Egat puts together delay plan for SPPs

Egat puts together delay plan for SPPs

State-run Electricity Generating Authority of Thailand (Egat) plans to discuss the possibility of delaying the commercial operation dates (COD) of small power producer (SPP) plants.

The SPPs currently under development by private firms in Thailand have a total capacity of 8,765 megawatts and the firms have already signed power purchase agreements with the state grid.

SPP licence holders can sell up to 90MW to the state grid, while selling the rest to companies operating in industrial estates.

Patana Sangsriroujana, deputy governor for strategy at Egat, said tentative discussions have already happened and a final proposal will be submitted to the Energy Regulatory Commission.

The government wants to delay the SPPs as the plants generally have a greater production cost, especially those fuelled by biomass.

Energy demand is expected to be lower this year, and power with the highest costs must be cut first.

He said policymakers are concerned about the impact the delays could have on licence holders and will likely include remedies for the latter.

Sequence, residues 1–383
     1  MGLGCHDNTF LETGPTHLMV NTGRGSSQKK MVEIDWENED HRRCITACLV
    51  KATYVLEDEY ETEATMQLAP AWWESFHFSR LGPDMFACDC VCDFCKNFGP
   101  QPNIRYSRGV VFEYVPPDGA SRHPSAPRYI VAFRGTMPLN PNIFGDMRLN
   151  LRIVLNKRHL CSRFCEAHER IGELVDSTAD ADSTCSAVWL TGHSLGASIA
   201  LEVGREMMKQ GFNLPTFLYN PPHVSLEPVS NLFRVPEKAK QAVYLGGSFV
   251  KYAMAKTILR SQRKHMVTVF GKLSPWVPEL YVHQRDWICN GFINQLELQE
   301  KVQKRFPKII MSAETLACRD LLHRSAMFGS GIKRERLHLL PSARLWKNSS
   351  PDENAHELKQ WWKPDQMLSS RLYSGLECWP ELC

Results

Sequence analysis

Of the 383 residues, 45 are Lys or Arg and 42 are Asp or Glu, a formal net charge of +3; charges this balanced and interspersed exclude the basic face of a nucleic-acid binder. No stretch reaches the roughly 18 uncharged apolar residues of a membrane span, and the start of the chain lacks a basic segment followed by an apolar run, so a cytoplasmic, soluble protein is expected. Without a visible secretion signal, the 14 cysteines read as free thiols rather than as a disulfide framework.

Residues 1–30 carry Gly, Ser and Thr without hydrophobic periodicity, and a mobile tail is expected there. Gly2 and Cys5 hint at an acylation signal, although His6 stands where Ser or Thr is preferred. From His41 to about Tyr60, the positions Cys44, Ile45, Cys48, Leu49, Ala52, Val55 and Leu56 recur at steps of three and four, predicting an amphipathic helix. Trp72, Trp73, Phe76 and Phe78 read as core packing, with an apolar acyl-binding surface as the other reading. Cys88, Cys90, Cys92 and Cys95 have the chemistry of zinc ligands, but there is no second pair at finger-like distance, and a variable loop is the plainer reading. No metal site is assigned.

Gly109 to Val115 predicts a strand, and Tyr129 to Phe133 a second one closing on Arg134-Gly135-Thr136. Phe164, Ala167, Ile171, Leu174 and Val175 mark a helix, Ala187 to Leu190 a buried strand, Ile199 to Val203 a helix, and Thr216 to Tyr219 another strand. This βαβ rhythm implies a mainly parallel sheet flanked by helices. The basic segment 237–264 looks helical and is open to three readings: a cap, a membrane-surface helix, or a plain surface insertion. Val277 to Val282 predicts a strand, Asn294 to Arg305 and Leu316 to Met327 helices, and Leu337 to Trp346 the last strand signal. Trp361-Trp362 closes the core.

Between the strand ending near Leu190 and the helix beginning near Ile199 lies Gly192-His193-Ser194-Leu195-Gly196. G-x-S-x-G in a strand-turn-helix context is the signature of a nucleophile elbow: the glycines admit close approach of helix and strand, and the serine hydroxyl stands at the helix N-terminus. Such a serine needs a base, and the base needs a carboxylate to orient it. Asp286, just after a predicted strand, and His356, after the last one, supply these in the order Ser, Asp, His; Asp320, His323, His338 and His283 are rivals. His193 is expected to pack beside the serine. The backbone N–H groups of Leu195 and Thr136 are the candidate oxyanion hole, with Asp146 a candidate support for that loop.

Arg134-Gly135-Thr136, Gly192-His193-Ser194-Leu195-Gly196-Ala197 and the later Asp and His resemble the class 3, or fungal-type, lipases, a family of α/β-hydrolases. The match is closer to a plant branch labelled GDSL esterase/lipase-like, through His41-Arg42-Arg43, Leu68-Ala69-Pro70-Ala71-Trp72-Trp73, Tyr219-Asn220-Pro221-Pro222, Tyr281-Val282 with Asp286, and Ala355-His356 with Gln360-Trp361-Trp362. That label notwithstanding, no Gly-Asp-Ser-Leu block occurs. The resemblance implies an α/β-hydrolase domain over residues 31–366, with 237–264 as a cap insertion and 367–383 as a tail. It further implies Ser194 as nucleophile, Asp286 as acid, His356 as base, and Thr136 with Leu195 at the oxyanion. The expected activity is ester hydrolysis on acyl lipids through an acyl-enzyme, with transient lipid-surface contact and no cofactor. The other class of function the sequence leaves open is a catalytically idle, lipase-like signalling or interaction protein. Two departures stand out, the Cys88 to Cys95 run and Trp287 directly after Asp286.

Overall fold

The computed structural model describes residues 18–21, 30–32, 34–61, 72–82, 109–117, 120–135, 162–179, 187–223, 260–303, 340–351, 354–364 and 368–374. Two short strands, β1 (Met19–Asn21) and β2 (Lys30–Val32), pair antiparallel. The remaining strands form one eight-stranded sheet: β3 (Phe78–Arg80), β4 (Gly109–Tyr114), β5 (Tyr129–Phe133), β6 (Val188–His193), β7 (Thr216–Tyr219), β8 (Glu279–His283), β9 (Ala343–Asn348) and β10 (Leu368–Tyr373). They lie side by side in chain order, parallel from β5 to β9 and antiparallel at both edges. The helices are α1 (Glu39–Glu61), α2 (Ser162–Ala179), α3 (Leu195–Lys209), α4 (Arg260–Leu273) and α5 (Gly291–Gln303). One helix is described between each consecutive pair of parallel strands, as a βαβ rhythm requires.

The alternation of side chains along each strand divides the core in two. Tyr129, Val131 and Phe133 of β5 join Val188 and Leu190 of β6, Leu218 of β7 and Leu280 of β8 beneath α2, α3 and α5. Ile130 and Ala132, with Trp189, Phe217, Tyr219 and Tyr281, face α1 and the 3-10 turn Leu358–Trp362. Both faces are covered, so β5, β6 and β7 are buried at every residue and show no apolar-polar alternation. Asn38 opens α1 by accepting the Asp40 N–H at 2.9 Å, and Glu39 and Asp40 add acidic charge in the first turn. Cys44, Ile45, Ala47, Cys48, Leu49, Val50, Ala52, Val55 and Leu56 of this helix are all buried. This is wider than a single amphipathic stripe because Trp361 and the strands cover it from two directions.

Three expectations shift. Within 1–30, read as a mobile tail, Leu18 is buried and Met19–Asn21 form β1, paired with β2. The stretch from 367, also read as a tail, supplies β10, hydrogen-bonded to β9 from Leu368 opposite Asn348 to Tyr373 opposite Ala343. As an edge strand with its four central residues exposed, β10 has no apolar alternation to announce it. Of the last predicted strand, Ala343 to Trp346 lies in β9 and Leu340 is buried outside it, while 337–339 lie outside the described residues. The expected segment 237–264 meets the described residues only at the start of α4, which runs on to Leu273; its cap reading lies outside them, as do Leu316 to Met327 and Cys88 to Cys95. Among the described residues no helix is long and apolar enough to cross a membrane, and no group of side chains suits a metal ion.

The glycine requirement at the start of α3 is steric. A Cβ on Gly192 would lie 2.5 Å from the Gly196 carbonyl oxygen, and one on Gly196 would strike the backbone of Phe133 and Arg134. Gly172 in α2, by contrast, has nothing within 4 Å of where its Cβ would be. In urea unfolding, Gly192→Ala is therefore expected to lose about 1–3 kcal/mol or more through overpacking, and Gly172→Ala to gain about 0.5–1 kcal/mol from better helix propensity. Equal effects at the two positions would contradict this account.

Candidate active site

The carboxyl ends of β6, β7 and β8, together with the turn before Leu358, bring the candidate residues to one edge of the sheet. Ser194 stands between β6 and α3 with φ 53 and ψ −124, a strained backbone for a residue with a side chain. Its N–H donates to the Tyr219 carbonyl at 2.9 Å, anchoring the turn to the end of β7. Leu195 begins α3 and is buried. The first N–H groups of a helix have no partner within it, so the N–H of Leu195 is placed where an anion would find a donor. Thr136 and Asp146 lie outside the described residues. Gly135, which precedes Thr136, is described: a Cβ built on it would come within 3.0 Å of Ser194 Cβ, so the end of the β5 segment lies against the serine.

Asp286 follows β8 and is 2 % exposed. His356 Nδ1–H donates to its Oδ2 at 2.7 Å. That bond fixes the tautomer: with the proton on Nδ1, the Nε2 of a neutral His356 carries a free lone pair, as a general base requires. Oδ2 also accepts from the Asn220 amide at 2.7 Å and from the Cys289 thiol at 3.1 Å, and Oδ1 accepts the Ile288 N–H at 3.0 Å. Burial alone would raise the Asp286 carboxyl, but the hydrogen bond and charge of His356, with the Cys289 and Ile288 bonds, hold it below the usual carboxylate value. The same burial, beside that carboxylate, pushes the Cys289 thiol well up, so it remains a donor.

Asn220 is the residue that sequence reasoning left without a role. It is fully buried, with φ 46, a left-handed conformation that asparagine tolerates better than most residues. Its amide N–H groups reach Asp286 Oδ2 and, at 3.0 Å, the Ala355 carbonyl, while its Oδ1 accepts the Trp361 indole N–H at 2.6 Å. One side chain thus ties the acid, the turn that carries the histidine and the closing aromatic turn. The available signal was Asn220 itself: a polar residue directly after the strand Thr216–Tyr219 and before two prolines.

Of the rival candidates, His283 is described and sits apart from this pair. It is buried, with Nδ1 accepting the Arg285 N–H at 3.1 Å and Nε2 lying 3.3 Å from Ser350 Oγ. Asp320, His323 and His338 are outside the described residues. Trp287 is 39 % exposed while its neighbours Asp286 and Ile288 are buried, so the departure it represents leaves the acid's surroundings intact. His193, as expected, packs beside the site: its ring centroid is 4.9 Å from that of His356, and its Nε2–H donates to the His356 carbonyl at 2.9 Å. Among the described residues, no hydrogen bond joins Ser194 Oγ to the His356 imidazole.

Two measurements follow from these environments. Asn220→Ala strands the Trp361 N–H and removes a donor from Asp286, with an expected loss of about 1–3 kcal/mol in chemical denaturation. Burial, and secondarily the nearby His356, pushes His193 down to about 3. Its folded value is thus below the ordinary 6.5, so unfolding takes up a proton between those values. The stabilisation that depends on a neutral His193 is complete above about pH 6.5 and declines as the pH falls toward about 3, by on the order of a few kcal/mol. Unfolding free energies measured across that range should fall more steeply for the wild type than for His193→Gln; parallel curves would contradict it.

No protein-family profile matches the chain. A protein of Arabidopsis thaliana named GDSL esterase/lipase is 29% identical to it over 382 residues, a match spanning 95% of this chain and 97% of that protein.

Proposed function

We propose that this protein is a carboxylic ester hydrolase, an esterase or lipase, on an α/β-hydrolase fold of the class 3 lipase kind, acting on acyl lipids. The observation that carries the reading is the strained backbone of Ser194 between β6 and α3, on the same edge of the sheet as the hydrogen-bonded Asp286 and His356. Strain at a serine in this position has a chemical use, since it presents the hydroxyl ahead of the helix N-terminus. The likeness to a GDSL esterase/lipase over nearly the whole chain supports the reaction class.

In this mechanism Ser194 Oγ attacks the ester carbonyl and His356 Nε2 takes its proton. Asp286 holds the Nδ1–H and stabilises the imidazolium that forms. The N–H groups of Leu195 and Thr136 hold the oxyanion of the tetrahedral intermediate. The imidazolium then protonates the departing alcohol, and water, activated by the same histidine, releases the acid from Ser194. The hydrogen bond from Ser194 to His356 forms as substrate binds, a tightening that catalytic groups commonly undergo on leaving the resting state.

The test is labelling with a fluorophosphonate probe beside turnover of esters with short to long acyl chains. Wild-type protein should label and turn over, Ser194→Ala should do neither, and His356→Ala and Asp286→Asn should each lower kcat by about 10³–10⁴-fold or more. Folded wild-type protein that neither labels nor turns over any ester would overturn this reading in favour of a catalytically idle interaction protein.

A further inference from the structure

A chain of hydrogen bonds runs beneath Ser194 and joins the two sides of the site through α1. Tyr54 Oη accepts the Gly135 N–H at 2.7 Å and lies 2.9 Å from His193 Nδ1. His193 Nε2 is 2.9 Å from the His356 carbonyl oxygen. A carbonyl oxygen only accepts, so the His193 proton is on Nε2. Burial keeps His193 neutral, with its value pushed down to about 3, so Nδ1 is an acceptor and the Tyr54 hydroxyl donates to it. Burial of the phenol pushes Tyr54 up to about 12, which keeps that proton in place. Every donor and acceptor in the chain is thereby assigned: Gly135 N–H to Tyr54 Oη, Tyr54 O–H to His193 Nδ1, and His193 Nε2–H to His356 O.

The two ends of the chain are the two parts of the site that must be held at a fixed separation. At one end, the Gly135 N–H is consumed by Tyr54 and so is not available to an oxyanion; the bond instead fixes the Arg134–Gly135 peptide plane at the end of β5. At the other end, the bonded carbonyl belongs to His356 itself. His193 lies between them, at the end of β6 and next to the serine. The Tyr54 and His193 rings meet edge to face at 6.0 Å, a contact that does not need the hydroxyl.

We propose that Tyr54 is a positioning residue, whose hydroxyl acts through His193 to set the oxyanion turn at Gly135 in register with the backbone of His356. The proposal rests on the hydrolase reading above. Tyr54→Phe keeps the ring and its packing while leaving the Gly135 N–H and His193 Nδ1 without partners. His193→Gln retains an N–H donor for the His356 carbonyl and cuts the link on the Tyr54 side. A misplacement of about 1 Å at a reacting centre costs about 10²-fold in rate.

Mr Patana said the proposal will not affect large power plants or independent power producers because the generation costs of SPPs average 2.5-3 baht per kilowatt-hour (unit), while independent power producers average 2 baht per unit.

Under the merit order or electricity generation cost arrangement, when demand for electricity declines, power plants with the highest costs will be first to drop out of the state grid because they are the most expensive energy producers.

Another reason Egat wants to delay these SPP projects is the higher power generation capacity reserved during the work from home and lockdown period made power demand in Thailand drop by 7-8% and reserve power rise over 35%.

The more energy is stored in the grid, the more expensive power becomes for users.

Preeyanart Soontornwata, president of B.Grimm Power, said the company would not be affected by the government action because its five gas-fired SPP plants are scheduled to operate in 2022, after the proposed delay.

The company holds the most SPP licences in Thailand.

The five plants under development have a combined capacity of 700MW, 150MW of which the company must sell to the state grid.


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